However, if you are exposing a cast iron drain system to lots of challenges with regard to weather, chemicals, and moisture, you might expect to see rust on your drainage system within a few months. This does not automatically mean that the metal will weaken rapidly due to the progression of the rust on the surface of the drainage system, but it can be a consideration related to making this choice for your drain system installation.
While cast iron is very sturdy and strong and also affordable, it can be the wrong solution for some areas where drainage installation is needed. You should be sure to speak with your installer to find out more about the conditions that your property brings along with it. Skilled and experienced technicians can come to your home or business and look at the condition of the soil as well as take the time to study the expected weather and rainfall patterns. These people will be able to make a recommendation about other materials that you might want to use in place of cast iron if moisture and heating, and cooling are likely to be an issue in your part of the country.
Leaning on the expertise of skilled installers can make a big difference in your experience with the drainage system that you have chosen to install. There are some locations where cast iron is not at all appropriate for a trench drain system and other areas of the country where this is the perfect kind of drain for you to use in your drainage solutions.
What Are Some Places Where Cast Iron is Not Appropriate?
There are some locations that are automatically going to be too antagonistic to cast iron material for this kind of drainage system to be installed. Breweries and food processing plants are not good places for the use of this kind of material. You should also be wary of the use of cast iron in places where seawater might be flowing through the drainage system, or there is a high salt content in the soil.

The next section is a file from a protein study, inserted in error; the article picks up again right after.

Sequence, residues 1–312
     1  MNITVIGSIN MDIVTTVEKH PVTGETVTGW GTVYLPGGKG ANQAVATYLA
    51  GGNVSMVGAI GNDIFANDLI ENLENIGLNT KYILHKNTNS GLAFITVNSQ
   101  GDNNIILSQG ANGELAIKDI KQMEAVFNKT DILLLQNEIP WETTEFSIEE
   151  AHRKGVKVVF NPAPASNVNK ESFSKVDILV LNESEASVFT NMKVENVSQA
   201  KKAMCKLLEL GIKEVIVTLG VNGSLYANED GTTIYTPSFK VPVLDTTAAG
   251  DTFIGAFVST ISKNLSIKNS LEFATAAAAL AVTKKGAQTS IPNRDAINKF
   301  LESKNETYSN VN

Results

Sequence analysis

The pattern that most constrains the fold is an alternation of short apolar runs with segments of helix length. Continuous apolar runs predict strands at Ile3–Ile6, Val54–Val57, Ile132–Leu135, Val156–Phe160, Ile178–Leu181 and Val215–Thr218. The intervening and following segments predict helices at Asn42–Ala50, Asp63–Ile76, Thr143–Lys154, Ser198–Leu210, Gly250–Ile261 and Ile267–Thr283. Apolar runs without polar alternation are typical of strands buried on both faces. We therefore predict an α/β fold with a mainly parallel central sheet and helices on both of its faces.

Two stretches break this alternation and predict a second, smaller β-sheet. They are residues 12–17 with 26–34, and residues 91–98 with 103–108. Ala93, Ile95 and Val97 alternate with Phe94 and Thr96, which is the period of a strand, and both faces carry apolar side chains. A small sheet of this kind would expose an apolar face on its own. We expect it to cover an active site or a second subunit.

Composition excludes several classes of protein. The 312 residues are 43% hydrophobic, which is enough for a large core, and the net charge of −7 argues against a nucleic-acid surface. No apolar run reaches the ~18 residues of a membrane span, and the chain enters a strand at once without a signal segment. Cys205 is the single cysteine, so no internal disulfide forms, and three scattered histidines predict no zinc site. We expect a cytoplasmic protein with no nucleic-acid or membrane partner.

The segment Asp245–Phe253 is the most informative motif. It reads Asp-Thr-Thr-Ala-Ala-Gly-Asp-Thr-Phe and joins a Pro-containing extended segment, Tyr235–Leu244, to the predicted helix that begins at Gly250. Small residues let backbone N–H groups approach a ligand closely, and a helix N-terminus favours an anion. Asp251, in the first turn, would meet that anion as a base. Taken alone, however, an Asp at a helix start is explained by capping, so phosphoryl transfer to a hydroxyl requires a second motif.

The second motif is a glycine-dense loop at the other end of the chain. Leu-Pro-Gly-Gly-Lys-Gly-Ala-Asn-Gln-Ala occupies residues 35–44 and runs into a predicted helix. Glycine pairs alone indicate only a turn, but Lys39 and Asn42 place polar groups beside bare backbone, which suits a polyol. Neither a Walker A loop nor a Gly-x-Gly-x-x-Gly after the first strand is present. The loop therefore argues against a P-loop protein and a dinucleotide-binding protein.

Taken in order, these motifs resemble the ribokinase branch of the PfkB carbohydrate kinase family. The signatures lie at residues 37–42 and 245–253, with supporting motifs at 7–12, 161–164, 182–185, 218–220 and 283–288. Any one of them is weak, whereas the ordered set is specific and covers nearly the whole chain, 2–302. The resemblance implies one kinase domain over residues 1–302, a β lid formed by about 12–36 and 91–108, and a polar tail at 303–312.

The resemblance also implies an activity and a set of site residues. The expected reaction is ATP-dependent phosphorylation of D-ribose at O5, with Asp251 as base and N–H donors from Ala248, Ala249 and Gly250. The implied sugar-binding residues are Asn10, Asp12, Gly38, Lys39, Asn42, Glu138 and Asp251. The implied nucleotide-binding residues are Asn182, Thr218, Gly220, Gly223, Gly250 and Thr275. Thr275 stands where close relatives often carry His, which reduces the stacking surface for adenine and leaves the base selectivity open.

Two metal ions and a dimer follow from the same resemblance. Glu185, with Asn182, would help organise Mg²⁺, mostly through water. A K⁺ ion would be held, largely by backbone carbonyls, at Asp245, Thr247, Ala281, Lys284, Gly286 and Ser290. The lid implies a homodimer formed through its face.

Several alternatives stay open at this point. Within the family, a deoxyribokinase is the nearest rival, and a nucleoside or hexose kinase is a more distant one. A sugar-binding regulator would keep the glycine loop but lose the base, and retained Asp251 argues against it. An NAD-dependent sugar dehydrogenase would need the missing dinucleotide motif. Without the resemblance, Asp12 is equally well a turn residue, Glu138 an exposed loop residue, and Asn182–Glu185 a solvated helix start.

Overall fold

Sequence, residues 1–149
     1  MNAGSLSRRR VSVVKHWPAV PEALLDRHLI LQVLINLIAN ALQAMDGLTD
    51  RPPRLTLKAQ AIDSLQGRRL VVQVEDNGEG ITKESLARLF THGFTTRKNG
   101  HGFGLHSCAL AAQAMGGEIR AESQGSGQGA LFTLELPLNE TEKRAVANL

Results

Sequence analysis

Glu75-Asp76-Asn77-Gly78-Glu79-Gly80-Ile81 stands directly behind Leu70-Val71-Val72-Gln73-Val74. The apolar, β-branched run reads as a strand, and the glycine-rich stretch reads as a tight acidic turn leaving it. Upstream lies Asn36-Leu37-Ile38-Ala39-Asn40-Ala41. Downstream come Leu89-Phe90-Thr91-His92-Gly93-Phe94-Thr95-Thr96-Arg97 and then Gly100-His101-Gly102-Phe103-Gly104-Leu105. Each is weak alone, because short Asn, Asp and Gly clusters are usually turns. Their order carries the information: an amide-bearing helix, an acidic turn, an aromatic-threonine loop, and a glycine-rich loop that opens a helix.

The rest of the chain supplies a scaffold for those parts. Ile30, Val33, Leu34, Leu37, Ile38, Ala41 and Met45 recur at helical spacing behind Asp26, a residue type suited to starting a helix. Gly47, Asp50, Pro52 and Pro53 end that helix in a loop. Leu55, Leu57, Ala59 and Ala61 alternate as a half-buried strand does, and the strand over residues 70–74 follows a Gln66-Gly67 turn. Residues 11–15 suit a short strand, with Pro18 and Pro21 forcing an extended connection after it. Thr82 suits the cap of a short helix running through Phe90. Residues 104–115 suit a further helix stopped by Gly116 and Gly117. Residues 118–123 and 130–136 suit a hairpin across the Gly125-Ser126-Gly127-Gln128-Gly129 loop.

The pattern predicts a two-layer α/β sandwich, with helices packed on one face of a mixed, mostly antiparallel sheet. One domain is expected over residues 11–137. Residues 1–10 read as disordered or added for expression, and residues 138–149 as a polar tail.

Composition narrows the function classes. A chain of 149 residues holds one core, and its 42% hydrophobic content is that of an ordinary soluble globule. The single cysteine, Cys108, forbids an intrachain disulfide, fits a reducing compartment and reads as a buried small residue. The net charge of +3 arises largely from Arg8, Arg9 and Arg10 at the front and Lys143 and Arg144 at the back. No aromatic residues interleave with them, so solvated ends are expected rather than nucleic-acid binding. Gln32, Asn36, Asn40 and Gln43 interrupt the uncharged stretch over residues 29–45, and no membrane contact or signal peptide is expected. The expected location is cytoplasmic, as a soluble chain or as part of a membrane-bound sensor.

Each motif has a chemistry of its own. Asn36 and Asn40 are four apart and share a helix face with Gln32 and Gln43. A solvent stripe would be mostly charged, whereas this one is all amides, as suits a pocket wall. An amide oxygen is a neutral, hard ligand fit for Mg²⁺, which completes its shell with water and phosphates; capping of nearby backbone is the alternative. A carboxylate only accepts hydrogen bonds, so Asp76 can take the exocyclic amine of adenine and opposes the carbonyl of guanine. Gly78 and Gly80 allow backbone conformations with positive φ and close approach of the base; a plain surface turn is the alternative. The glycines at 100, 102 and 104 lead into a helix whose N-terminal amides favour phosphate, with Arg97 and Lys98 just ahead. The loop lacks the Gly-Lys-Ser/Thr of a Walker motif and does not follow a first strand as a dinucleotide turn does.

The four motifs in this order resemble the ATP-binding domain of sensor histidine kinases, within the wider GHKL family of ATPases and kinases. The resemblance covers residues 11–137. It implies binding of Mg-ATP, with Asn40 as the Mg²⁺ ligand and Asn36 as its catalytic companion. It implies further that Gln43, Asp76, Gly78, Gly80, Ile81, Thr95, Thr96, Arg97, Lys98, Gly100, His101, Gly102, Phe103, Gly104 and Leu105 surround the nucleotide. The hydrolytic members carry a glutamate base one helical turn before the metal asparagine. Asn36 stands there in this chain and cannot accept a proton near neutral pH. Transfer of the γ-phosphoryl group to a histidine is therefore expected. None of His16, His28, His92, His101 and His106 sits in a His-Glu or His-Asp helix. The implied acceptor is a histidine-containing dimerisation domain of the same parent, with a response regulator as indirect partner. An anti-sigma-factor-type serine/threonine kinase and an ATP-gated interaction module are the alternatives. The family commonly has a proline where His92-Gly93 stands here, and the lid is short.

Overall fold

Companies that work with chemicals on a daily basis will also want to avoid cast iron trench drains, and businesses or homes where there is high humidity should also cross this material off their list. Making sure that you have installed a drainage system that is perfect for your region of the country and your intended use can make all the difference when it comes to the performance of your drainage installation.
There are many other materials that you can use for your trench drains if you are not able to use cast iron. Working with a skilled installer will take much of the guesswork out of this part of the selection process, and you can lean on the advice of these skilled parties when it comes to planning out your trench drain system from start to finish. Cast iron can be a really ideal selection for some areas of the country and some applications, but it is not right for everyone who needs to create a drainage solution on their property.
The use of cast iron for drains might also be fine, or you might need to use different drain and grate covers to help preserve the integrity of your drainage system. The entire drainage solution might not prosper when it is made from cast iron, but you could choose components made of different materials for your use case.
Cast Iron Surfaces Can Rust at Differing Rates
Cast iron can rust at different rates, and this is something that people who are looking at trench drain installation should be aware of. This can be the perfect material for your trench drain installation, but you need to be aware of the limitations of this kind of material in certain environments. Cast iron can be ideal for very specific places, and your installer should be able to advise you about which kinds of regions of the country and which kinds of properties are perfect for this kind of trench drain.
Using the right materials for your trench drain installation is important, and it can make all the difference when it comes to the longevity of your drainage solutions. These kinds of choices can have a lot to do with how happy you are with the work that you have done or your own work doing the installation of a prefabricated drain.
Knowing how much moisture your area receives every year, as well as the conditions that your cast iron will be exposed to related to heating and cooling, will help you determine if this is the right kind of material for your trench drain installation.